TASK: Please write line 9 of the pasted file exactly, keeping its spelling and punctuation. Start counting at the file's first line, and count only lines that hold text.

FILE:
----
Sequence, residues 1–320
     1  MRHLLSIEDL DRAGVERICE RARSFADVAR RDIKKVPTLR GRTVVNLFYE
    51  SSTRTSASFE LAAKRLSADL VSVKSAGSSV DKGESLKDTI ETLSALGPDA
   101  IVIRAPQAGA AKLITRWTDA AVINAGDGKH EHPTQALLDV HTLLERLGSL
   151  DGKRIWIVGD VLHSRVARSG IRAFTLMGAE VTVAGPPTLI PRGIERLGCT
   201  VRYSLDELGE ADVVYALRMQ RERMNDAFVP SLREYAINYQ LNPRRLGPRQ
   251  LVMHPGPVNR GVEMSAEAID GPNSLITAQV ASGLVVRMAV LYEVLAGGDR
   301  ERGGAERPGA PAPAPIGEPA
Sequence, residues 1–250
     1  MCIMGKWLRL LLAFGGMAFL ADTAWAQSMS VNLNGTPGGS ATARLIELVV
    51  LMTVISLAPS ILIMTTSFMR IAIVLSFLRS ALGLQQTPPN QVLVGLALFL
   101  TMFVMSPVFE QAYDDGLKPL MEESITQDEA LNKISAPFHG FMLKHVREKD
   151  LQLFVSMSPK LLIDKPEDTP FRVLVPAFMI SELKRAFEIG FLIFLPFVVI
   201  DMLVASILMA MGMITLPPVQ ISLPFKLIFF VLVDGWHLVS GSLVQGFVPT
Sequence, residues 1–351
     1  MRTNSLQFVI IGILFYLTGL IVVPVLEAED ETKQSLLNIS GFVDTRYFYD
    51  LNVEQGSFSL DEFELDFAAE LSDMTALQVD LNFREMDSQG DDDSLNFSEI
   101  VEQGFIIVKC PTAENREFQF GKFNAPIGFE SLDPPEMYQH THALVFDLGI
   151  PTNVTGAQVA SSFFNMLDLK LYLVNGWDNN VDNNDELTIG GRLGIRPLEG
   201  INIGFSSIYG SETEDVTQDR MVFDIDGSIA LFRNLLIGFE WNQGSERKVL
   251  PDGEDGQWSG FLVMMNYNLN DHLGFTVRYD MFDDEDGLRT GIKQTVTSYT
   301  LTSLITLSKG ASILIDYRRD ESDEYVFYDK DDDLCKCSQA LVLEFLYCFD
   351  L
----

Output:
Sequence, residues 1–250